“I believed it is only in forgiving that we are forgiven,” said Ridao, an active member of the Knights of Columbus.
Anthony was driving his Toyota Tamaraw on his way to Cotabato City tailing a convoy of vehicles when gunmen flagged down his car.
“While I have forgiven Andal Senior, our cry for justice continues, justice must be served,” Ridao said.
Aquino also frustrated
Aquino is also frustrated with the pace of the trial, presidential spokeswoman Abigail Valte said.
“We understand their frustration. We share in their frustration,” Valte said.
Valte cited the huge number of accused, some of whom are still at large, as one of the reasons for the delay.
“The verdict in this case will be handed down by the presiding judge, not the president, but (he) is doing everything to speed up the case,” she said.
Valte said the President has given strict orders to prosecutors under the Department of Justice to make sure they remain vigilant against attempts to delay the case.
“Huwag kayo ang magiging dahilan ng delay sa kasong ‘yan. Ang magagawa sa executive side siguraduhin na hindi maging cause ng delay at labanan ang delay (The prosecutors were told not to become the cause of delay of the case. What the executive branch can do is to make sure there will be no delay and resist attempts to slow the trial down),” she added.
Ferdinand Topacio, the Ampatuan family’s lawyer in a separate case, said all cases against Andal Senior will have to be dismissed due to his passing.
“Under the principles of penal laws, death extinguishes any criminal liability,” he said.
Valte, who is also a lawyer, agreed with Topacio but she clarified that the trial for the rest of the accused would proceed.
“The case will proceed against the other accused who remain alive.” she added.
Valte said government prosecutors will make sure they will not cause any delay, and that they will thwart any delaying tactics in the case.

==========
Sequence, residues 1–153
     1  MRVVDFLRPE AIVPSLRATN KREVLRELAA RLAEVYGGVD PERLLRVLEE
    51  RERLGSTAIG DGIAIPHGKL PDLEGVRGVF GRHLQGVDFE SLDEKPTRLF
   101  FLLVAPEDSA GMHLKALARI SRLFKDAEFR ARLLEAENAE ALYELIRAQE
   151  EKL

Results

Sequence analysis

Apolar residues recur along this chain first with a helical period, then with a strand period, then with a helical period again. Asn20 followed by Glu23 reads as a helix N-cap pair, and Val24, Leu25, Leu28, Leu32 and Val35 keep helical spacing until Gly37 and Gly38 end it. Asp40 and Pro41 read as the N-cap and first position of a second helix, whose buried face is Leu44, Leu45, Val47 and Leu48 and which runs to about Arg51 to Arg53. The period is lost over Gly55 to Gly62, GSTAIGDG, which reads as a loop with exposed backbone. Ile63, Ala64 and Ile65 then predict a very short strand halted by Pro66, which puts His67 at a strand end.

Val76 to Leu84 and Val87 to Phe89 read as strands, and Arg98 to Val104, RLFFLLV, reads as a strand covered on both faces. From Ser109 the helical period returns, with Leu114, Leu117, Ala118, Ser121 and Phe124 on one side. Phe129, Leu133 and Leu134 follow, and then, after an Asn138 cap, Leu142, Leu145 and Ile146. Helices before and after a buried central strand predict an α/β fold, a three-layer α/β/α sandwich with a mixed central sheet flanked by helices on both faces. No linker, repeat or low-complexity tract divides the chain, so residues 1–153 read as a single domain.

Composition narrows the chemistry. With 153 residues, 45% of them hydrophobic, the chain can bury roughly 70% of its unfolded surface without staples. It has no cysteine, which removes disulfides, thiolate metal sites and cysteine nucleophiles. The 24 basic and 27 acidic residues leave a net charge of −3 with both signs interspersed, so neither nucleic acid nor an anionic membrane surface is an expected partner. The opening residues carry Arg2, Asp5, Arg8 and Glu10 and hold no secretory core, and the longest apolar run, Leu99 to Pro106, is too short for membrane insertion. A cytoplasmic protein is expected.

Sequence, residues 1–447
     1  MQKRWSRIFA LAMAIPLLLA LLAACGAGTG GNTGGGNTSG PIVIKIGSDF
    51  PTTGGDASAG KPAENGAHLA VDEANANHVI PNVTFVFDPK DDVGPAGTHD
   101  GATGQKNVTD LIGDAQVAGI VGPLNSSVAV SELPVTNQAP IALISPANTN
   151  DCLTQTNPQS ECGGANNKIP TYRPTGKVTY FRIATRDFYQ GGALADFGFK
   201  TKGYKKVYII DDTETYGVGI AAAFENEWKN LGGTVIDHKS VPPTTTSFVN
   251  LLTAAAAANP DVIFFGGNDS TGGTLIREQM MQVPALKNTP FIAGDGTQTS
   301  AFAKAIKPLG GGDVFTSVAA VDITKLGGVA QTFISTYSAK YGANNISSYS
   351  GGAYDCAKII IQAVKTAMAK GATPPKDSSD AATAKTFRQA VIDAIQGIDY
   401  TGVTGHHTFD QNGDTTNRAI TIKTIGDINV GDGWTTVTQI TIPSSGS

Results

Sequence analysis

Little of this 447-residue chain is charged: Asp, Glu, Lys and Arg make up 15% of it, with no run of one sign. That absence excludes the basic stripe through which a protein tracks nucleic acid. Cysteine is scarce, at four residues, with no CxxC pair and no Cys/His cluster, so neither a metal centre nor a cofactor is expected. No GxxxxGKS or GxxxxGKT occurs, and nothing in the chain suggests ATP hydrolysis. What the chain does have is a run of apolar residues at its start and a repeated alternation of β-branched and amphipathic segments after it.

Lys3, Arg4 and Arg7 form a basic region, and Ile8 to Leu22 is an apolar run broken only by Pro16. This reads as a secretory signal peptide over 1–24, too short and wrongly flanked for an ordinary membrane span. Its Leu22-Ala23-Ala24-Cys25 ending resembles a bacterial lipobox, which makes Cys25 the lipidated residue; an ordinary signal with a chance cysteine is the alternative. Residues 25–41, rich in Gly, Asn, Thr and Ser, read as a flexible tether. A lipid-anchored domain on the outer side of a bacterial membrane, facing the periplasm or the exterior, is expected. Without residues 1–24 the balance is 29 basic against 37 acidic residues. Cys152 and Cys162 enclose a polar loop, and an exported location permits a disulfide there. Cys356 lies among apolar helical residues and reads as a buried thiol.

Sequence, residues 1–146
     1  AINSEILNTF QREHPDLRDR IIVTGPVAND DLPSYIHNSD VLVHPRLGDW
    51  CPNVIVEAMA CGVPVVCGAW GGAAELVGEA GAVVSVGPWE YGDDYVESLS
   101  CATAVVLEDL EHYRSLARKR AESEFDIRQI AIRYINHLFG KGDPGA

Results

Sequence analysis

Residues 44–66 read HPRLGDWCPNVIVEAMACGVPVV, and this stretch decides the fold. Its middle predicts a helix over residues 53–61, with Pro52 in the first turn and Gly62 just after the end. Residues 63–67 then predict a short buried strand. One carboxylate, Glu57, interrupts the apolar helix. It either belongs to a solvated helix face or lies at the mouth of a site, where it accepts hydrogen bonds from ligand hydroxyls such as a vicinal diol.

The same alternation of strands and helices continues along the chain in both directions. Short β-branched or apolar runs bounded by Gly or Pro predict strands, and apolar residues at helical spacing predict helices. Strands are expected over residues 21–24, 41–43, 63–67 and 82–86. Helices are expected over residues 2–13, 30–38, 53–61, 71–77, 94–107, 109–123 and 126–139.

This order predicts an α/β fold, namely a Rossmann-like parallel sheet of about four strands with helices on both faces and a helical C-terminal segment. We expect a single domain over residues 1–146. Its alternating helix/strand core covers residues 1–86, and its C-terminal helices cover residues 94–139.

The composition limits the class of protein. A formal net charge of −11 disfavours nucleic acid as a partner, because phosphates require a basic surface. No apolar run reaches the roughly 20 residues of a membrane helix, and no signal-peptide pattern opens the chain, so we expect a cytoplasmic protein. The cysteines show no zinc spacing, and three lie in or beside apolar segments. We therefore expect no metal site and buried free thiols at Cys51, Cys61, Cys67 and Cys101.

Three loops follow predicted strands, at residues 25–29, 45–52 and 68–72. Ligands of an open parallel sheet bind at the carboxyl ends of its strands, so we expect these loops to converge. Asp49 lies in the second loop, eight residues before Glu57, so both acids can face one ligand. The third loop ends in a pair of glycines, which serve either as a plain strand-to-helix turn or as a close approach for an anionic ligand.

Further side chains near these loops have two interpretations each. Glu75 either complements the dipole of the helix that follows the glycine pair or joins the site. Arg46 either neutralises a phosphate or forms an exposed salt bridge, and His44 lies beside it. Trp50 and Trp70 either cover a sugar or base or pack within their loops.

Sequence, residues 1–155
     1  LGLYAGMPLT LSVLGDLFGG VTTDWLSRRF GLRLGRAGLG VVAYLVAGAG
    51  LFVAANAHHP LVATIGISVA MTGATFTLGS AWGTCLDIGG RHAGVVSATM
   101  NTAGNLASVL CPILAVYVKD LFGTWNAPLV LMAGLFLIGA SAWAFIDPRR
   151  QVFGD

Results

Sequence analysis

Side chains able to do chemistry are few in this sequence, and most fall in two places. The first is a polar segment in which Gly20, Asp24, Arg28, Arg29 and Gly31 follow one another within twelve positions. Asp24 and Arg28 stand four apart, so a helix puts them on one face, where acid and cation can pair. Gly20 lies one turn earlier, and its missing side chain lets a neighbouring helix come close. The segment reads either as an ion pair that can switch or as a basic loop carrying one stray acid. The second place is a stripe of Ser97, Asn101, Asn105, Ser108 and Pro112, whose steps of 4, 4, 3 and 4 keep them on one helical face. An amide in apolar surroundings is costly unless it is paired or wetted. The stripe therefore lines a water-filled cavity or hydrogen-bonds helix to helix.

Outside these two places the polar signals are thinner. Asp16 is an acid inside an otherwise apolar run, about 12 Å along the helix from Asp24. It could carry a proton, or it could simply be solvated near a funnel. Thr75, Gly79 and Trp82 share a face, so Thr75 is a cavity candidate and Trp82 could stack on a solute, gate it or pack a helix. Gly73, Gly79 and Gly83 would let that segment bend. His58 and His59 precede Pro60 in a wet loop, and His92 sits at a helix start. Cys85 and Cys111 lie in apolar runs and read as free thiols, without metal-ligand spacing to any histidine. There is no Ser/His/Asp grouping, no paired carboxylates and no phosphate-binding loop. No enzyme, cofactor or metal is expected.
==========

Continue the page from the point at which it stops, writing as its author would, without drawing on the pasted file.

Andal Senior’s remains were briefly shown to sons Andal Junior. and Zaldy at their maximum security cells in Manila’s outskirts before the body was flown to Cotabato City in the morning, jail bureau spokeswoman Superintendent Carolina Borrinaga said. The convoy escorting the hearse that carried his remains arrived in Shariff Aguak town where the Ampatuan compound is located at past noon.
He will be buried according to Muslim traditions with an imam (Muslim priest) present. and the family had asked to be allowed to grieve in private, their lawyer Ferdinand Topacio said.
Rest in peace
Maguindanao Gov. Esmael Mangudadatu, the political rival of the Ampatuans who lost his wife and sister in the 2009 massacre said the surviving families of the massacre victims will continue to seek justice.
He immediately recited a verse from holy Qur’an immediately after he was informed of Andal Senior’s death.
“Inna lillahi wa inna ilayhi raji’un,” he said.
The verse, which literarily means “verily we belong to Allah and to Him shall we return,” is a traditional way which Muslims shall recite when hearing news of somebody’s passing.
“May [the soul of]Andal Ampatuan Sr. rest in peace. Regardless of his death, however, the Mangudadatu family and other families of the victims will continue to seek (through the court) justice for the 58 persons who were gruesomely killed in the massacre,” the governor added.
Mangudadatu earlier shut down proposals to give the former provincial governor burial honors.
“We will not oppose burial for him in Maguindanao, that is his right. But burial honors, no,” Mangudadatu said, adding the Ampatuan patriarch is not a hero who is entitled to burial honors.”
Commenting on the patriarch’s death, Rajah Buayan (Maguindanao) Mayor Zamzamin Ampatuan said death is inevitable and it is “a door to ultimate judgment… life is a lesson.”
“Let’s look at his life as a lesson… a backdrop to where man should lead himself. For the immediate family [wives, children, brothers and sisters] and friends, our condolence… justice has its own natural course,” Mayor Ampatuan added.
WITH AFP AND PNA